Royal Mail: how to write to the Royal Family The Queen receives thousands of items of correspondence each year, many from her people in the UK and Commonwealth, but also from across the world. Having just become the longest reigning Monarch in British History, many of you will want to write to Her Majesty to congratulate her, but what things must you do? And what should you avoid? Here’s your guide how to write to the Royal Family. English Language Centre Study Zone: Welcome! About the Study Zone The Study Zone is for students of the English Language Centre (ELC) at the University of Victoria. ELC teachers create the English language lessons and practice exercises. The site is designed for our adult English language learners, but all are welcome to read the lessons and use the exercises. News and Feedback
The 35 Best Web 2.0 Classroom Tools Chosen By You If you’re not an avid follower of #edchat on Twitter, you may be missing out on a great opportunity to learn about some new Web 2.0 tools that are currently being used in classrooms around the world. That’s because @chickensaltash posed a simple question to the PLN and there has been a huge swell of support as hundreds of people have jumped in to answer the question about which 5 Web 2.0 tools teachers are using in classrooms. The Best of the Best 100 Excellent Art Therapy Exercises for Your Mind, Body, and Soul January 9th, 2011 Pablo Picasso once said, "Art washes away from the soul the dust of everyday life." It's no surprise, then, that many people around the world use art as a means to deal with stress, trauma and unhappiness – or to just find greater peace and meaning in their lives. If you're curious about what art therapy has to offer, you can try out some of these great solo exercises at home to help nurse your mind, body and soul back to health.
30 Awesome Anchor Charts to Spice Up Your Classroom Bored Teachers, LLC (“Bored Teachers,” “we,” “us,” “our”) provides its services (described below) to you through its website located at www.boredteachers.com (the “Site”) and through its related services (collectively, such services, including any content, new features, and applications, and the Site, the “Service(s)”), subject to the following Terms of Service (as amended from time to time, the “Terms of Service”). We reserve the right, at our sole discretion, to change or modify portions of these Terms of Service at any time. If we do this, we will post the changes on this page and will indicate at the top of this page the date these terms were last revised.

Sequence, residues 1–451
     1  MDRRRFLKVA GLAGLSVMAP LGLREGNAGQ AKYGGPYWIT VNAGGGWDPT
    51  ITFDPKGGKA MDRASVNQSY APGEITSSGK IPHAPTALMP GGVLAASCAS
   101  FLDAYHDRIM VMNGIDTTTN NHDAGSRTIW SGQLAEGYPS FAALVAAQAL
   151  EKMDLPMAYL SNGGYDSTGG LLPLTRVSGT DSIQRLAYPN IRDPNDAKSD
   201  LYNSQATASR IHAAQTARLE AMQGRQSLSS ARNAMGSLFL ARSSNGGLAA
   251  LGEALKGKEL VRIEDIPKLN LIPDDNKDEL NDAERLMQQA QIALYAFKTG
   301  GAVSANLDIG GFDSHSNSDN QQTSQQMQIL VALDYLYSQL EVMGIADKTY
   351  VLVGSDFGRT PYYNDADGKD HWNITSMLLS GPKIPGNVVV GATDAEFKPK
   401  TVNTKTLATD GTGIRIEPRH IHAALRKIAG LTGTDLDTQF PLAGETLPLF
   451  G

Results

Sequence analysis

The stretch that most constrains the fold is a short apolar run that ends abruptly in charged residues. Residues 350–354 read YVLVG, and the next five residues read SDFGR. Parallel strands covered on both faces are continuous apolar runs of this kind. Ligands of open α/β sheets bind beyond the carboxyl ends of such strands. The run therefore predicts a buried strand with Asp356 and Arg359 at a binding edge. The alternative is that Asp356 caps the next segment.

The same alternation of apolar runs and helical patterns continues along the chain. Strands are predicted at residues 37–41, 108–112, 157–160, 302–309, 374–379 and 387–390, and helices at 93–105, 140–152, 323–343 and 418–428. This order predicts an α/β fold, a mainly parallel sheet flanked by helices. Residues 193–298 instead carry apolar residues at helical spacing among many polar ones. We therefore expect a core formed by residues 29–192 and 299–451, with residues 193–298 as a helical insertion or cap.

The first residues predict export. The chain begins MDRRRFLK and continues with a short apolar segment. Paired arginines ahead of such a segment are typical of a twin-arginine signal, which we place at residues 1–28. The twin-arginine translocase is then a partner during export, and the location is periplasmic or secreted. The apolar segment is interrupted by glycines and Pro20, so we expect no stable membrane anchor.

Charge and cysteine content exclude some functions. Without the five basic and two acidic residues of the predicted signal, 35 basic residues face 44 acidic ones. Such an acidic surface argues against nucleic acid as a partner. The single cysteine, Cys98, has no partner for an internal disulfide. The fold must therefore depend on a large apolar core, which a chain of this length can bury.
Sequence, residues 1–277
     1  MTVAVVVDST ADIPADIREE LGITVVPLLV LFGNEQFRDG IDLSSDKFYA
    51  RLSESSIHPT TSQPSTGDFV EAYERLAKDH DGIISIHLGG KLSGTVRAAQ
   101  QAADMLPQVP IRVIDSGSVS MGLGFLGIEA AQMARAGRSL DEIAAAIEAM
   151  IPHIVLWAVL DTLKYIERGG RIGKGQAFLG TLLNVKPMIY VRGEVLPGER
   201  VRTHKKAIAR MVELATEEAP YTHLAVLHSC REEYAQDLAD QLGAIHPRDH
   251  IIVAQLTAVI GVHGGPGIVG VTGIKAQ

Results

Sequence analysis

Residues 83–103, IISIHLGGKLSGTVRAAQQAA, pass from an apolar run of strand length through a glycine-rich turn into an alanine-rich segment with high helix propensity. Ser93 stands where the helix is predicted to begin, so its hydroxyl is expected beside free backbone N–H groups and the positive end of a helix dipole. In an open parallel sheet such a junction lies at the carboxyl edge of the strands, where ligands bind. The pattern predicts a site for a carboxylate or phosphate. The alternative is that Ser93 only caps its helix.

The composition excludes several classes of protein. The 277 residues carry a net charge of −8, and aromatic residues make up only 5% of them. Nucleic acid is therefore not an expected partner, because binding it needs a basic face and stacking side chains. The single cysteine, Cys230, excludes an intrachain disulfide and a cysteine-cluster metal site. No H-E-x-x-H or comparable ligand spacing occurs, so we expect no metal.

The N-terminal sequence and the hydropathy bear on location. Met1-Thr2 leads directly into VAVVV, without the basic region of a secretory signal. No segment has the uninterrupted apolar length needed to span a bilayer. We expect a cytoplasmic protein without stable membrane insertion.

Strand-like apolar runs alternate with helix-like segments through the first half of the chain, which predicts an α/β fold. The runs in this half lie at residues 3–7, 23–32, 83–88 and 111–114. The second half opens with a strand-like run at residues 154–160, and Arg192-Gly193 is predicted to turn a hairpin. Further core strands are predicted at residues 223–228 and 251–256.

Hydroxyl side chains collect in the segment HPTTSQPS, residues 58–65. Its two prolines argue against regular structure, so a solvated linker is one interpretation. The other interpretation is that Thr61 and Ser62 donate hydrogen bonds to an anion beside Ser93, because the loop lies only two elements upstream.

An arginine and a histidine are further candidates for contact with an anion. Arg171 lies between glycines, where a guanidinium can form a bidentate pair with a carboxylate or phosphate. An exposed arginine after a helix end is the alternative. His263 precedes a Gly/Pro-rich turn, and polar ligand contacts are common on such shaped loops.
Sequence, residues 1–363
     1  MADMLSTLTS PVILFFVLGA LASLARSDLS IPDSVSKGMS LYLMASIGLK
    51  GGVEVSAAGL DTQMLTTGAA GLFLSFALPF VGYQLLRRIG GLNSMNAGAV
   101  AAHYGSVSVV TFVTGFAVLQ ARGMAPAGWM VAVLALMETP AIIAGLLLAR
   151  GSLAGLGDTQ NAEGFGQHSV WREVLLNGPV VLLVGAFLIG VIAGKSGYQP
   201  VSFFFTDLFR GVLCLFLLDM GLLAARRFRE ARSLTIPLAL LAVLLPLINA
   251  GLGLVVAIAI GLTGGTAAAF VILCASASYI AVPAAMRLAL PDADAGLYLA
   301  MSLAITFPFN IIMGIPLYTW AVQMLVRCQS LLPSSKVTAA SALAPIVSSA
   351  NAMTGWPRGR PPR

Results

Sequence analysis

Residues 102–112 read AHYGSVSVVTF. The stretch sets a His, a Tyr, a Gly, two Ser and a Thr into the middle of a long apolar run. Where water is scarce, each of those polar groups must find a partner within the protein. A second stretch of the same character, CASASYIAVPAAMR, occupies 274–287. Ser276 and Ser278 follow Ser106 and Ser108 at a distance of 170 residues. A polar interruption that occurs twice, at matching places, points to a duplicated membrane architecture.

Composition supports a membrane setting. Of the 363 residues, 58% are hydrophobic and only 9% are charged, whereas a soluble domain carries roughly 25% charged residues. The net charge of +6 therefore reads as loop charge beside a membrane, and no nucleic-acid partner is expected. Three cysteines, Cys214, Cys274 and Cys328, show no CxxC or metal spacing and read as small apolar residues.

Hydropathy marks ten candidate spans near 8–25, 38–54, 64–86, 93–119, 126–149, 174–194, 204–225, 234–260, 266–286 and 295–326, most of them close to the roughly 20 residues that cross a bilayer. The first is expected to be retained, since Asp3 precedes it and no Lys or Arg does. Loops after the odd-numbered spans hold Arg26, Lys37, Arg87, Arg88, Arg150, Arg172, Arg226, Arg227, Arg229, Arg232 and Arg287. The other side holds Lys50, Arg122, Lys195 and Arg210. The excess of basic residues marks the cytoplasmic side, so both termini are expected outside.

What British People Say vs. What They Really Mean British journalist-turned-novelist Lucy Sykes has become known for her snarky social commentary, thanks to her bestseller The Knockoff, a satirical take on the budding fashion tech world. Now, she and co-author Jo Piazza are at it again with their forthcoming novel Fitness Junkie (out July 11), which comically tackles society's wellness obsession. Given Sykes' British background—and her penchant for keeping it real—we asked her and her sister, author Plum Sykes, to give us a breakdown of popular British phrases, and what they really mean.
Språklärarnas riksförbund As representative for English on the national board of Språklärarnas riksförening, I am very pleased with the interest you show by looking us up. I will strive to make it worth your while. The purpose of this page is to provide English language teachers of all levels of school, primarily in Sweden, with useful resources, information and current news, for example of upcoming events and publications. Concerning useful links for English teaching, see “Länkar. Engelska.” Adjacent to this page you can also find a short profile of me “Engelskansvarig i styrelsen.”
How to Use the Board Effectively in ELT In this article and accompanying video, I will talk about using the board effectively in ELT (English language teaching). The board is perhaps the most useful piece of equipment in the language classroom. Note that this post is written mainly for teachers using whiteboards (not digital interactive boards), although a lot of the advice still applies. Watch the video here: Types of Board "There is a lot of" vs "There are a lot of" - English Lessons Brighton Do we say “There is a lot…” or “There are a lot of…”? This question was put to me recently by a student who noted that “lot” is the first noun after a verb. In theory, the verb should be singular with “a lot of”, because it is a singular “lot”. Comparing “There are a lot of apples.” and “There is a lot of apples.”, this sounds incorrect, however. Why? With a sentence covering states, the noun typically agrees with the first noun, such as There is a car. or They are rocks.